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Ahmaud Arbery's mother, Wanda Cooper-Jones is hugged by a supporter after the jury convicted Travis McMichael in the trial of McMichael, his father, Greg McMichael, and neighbor, William "Roddie" Bryan, as they were found guilty in the death of Ahmaud Arbery on Nov. 24, 2021, in the Glynn County Courthouse in Brunswick, Ga.Stephen B. Morton/The Associated Press

Reakash Walters is a writer and criminal defence lawyer at Addario Law Group. Joshua Sealy-Harrington is an assistant professor at the Lincoln Alexander School of Law, a doctoral candidate at Columbia Law School and lawyer at Power Law.

Last week, three white men were found guilty of the murder of Ahmaud Arbery in Georgia almost two years ago. At an individual level, these convictions may provide some closure to Mr. Arbery’s loved ones. But the criminal punishment system produces profound harm for racialized people, both in the United States and Canada. And that wider perspective is necessary for demanding change not simply for Black individuals, but Black communities that are so often the victims – not victors – of criminal punishment.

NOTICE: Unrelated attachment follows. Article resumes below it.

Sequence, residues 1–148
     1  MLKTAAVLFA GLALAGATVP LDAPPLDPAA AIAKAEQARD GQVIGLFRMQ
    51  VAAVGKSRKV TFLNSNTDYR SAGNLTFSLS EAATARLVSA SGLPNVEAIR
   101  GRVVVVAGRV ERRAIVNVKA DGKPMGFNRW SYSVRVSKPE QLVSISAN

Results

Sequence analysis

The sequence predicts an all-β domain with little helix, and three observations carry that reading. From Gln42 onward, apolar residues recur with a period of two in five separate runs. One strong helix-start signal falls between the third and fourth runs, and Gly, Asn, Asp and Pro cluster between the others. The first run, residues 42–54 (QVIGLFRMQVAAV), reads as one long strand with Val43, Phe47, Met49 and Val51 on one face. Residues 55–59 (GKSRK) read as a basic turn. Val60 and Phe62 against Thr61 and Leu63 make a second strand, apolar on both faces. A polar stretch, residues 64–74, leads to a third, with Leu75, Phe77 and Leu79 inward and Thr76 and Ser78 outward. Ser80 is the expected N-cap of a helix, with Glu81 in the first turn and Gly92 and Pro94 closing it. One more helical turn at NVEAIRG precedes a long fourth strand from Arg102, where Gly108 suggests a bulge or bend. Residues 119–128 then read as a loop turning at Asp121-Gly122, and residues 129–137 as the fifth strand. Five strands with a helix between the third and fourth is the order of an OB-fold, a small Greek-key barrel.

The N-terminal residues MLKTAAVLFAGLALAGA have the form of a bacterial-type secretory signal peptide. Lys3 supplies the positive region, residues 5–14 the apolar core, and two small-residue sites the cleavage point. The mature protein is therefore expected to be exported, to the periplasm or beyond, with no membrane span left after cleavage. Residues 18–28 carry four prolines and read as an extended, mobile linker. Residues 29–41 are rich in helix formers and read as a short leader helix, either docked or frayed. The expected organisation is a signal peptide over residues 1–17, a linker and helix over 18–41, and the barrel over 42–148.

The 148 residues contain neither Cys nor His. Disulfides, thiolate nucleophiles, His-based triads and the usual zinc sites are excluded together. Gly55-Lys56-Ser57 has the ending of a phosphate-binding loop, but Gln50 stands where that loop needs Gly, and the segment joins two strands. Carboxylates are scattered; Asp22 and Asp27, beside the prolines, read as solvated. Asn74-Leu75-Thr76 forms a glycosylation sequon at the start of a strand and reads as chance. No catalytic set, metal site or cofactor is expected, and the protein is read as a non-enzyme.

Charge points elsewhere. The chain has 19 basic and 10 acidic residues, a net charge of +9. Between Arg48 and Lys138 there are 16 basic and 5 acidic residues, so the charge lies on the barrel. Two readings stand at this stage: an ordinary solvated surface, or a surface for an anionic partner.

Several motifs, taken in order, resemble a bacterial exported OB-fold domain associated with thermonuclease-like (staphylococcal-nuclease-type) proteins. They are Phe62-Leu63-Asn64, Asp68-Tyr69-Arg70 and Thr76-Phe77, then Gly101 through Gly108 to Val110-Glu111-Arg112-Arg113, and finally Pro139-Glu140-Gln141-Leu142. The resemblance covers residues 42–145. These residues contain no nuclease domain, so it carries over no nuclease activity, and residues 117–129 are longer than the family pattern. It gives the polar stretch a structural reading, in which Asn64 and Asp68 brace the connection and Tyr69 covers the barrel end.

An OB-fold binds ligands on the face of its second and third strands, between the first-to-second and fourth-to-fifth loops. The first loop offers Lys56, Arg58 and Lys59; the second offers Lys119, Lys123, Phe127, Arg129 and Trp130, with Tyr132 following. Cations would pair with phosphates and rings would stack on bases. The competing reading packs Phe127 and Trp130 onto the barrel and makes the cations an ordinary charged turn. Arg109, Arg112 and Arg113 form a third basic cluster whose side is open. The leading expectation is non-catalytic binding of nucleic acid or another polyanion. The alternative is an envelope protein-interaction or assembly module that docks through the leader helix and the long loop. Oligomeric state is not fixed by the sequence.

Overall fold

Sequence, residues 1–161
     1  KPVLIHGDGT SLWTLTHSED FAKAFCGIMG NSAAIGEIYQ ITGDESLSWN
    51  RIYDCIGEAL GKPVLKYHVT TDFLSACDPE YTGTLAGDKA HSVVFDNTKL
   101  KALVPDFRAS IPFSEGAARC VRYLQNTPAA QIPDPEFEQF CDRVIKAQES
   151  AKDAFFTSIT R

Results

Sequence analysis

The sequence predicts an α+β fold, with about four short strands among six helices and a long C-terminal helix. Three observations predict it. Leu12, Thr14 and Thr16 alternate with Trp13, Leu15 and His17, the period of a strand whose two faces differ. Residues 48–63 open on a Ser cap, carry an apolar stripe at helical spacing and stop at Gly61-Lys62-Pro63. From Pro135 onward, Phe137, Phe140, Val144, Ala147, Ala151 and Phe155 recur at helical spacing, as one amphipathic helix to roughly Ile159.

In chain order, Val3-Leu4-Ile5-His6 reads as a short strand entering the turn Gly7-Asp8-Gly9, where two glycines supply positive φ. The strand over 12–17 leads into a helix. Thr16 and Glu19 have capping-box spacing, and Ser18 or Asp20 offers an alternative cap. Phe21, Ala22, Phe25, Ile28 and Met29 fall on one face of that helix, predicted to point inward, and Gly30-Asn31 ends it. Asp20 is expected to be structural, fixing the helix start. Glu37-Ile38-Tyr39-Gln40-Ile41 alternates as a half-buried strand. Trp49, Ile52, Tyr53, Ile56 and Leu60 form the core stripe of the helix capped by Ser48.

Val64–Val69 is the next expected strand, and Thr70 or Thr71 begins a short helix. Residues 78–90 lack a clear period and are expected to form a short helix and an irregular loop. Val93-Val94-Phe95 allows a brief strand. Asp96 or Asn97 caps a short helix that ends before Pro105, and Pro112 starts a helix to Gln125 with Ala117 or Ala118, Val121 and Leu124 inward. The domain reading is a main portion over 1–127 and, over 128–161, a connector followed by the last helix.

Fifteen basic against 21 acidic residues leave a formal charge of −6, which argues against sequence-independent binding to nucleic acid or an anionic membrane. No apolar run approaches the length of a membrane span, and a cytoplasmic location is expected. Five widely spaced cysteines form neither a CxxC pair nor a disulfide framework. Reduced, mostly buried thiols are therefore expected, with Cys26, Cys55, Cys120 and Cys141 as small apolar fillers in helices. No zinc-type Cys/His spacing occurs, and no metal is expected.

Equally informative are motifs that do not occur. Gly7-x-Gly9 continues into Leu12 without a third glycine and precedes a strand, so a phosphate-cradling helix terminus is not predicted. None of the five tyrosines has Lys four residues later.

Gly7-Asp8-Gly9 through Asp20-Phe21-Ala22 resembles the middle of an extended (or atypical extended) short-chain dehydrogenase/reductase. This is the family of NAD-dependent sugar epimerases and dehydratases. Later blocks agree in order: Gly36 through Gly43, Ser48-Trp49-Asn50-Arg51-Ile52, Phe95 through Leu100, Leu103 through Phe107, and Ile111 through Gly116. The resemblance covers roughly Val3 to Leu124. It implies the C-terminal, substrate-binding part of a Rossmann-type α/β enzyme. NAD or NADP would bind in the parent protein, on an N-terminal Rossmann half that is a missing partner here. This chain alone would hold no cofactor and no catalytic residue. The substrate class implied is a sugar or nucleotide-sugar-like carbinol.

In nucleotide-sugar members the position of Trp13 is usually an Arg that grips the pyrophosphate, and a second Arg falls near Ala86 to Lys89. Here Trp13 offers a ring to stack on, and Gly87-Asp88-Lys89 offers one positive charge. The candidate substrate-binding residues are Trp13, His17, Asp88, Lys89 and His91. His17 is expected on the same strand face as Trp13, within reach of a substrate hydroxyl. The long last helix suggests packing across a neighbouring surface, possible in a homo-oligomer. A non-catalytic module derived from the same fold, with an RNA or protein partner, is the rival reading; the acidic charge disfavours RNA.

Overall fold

Systemic racism in criminal punishment is not a uniquely American phenomenon. For example, a Black man in Toronto is almost 20 times more likely than a white person to be fatally shot by police. And Indigenous people are 30 per cent of Canada’s federal prison population, yet just 5 per cent of the general population. Criminal punishment is, fundamentally, a regime of racial social control.

Racial violence, too, is distinctly Canadian. Consider Dafonte Miller, a Black man who was blinded in Whitby, Ont., by Michael Theriault, a white off-duty Toronto police officer, with Mr. Theriault’s brother also present. And there is Gerald Stanley, who was acquitted by an all-white jury in the killing of Colten Boushie, an Indigenous man of the Cree Red Pheasant First Nation in Saskatchewan.

Canada and America differ in many ways. But themes of white fear of racialized people and how that fear translates into supposedly justified violence against Black and Indigenous communities emerge in both countries.

These comparisons help us examine the significance of events such as the conviction of Mr. Arbery’s killers. Some people consider such convictions a vindication of the justice system. But too often, these convictions are reached despite the system, not because of it.